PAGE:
Course Policies and Principles
Late Assignment Policy
All writings are due at the beginning of class; anything turned in later in the class is considered late.
Missing Assignment Policy
All course requirements must be submitted to pass the course.
Daily attendance is required. In a course such as ENGL 1106, your success and the success of the course depends upon your participation. For example, the short writings (SW) are designed to enhance your thinking about your essay assignment; thus, being in class for discussions of these writings may improve your final writings.
Inclusive Language Policy
Written work in this course should employ inclusive language, which shows that the writer honors the diversity of the human race by not using language that would universalize one element of humanity to the exclusion of others. For example, one area where this exclusivity commonly occurs is gender. Use men and women or people instead of the “generic man“; use they or alternate he and she instead of the “generic he.”
Any written course work may be used—anonymously—for pedagogical purposes within our class. Should a particular piece of work prove useful in another or subsequent class, or in a publication, as that piece’s writer, you decide whether that piece can be used. Accordingly, I must receive your consent through a completed “Student Author Permission Form.” Denying consent will not affect your course grade in any way.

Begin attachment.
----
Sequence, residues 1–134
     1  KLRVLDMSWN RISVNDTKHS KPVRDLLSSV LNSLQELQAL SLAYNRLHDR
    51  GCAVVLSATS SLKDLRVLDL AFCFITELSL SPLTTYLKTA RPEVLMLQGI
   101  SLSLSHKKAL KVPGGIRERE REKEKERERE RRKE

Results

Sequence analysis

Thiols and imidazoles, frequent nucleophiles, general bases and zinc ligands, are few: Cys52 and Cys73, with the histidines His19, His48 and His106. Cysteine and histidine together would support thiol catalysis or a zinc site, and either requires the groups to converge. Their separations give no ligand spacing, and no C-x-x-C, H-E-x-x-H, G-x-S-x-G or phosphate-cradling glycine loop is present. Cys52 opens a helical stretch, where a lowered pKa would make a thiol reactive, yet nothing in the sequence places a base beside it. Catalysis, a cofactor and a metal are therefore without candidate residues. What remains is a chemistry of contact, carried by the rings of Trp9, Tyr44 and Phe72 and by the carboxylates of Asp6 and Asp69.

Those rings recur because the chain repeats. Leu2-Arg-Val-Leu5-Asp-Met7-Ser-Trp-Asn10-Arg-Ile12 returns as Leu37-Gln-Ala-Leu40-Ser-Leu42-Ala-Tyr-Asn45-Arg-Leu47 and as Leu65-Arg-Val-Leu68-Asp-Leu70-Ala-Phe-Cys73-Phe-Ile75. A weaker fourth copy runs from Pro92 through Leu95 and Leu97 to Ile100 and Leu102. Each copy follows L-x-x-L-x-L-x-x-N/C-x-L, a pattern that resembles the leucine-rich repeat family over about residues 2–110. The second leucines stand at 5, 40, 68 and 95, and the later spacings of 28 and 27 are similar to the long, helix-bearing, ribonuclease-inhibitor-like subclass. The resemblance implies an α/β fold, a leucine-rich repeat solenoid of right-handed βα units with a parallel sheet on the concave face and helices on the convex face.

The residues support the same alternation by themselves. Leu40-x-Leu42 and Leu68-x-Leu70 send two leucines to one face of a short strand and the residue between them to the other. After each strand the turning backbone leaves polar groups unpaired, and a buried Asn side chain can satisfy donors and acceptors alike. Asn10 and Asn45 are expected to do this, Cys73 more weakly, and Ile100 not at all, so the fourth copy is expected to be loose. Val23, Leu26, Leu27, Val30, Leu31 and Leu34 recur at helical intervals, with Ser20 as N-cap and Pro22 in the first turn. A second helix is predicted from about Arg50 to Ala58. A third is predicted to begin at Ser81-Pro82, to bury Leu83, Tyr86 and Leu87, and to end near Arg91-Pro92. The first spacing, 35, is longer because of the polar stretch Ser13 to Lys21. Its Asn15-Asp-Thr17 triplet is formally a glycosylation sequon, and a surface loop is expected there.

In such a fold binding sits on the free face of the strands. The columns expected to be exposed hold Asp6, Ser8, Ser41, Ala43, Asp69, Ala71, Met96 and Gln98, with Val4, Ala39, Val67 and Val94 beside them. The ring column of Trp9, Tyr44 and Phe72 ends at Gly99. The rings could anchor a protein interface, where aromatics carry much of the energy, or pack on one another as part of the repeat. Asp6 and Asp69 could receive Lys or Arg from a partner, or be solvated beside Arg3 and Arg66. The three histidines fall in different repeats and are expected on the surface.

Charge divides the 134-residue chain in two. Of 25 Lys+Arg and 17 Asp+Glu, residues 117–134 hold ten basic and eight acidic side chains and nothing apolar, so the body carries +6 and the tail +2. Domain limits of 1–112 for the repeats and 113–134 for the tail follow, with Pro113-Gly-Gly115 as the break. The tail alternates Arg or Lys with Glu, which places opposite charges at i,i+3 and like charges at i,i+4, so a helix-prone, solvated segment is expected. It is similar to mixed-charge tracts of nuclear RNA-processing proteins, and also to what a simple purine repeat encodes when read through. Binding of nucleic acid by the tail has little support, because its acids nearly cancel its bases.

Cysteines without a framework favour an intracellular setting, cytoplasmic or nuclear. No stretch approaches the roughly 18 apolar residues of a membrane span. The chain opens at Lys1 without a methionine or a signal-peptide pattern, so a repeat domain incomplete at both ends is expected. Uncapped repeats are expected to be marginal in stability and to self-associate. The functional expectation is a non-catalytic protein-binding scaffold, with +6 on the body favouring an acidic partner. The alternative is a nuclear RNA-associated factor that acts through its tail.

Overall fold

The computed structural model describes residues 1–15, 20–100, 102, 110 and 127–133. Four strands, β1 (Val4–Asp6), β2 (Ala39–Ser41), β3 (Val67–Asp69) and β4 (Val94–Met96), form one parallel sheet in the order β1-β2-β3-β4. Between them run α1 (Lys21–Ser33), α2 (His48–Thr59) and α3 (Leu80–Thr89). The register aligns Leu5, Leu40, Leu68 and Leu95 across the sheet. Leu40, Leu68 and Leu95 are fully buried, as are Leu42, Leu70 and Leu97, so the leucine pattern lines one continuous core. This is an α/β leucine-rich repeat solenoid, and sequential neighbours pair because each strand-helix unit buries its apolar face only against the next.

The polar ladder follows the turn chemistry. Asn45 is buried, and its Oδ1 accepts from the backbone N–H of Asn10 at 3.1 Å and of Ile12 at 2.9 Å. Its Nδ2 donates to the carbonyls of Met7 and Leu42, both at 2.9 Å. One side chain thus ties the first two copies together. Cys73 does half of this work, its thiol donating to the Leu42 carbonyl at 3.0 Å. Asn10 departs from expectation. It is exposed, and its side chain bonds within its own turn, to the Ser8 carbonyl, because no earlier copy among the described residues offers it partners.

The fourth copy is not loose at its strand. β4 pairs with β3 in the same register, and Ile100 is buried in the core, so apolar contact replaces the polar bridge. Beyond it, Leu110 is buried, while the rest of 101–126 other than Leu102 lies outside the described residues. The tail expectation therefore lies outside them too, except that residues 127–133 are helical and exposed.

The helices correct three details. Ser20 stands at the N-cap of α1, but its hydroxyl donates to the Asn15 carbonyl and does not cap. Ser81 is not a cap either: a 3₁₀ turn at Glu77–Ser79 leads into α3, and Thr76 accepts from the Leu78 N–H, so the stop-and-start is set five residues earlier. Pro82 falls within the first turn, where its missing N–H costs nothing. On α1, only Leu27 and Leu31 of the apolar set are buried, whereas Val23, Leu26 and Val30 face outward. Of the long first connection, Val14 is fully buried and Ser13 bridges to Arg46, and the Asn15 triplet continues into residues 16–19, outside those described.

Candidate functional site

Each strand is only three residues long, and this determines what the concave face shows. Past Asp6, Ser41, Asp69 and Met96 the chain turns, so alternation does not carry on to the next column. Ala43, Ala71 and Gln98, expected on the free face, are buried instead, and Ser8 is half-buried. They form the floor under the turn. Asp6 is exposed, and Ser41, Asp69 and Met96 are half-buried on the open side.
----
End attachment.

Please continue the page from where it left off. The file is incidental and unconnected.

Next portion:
Academic Honesty Policy
The Honor Code will be strictly enforced in this course. All assignments submitted shall be considered graded work, unless otherwise noted. All aspects of your coursework are covered by the Honor System. Any suspected violations of the Honor Code will be promptly reported to the Honor System. According to the Constitution of the Virginia Tech Honor System “The fundamental beliefs underlying and reflected in the Honor Code are: (1) that trust in a person is a positive force in making that person worthy of trust, (2) that every student has the right to live in an academic environment that is free from the injustices caused by any form of intellectual dishonesty, and (3) that the honesty and integrity of all members of the university community contribute to its quest for Truth” (see http://www.honorsystem.vt.edu/).
The following is the Honor Code written verbatim from the VT Honor System Constitution:
The Honor Code is the University policy that expressly forbids the following academic violations:
- Cheating — Cheating includes the actual giving or receiving of any unauthorized aid or assistance or the actual giving or receiving of any unfair advantage on any form of academic work, or attempts thereof.
- Plagiarism — Plagiarism includes the copying of the language, structure, ideas and/or thoughts of another and passing off same as one’s own, original work, or attempts thereof.
- Falsification — Falsification includes the statement of any untruth, either verbally or in writing, with respect to any circumstances relevant to one’s academic work, or attempts thereof. Such acts include, but are not limited to, the forgery of official signatures, tampering with official records, fraudulently adding or deleting information on academic documents such as add/drop requests, or fraudulently changing an examination or other academic work after the testing period or due date of the assignment.
Virginia Tech’s Principles of Community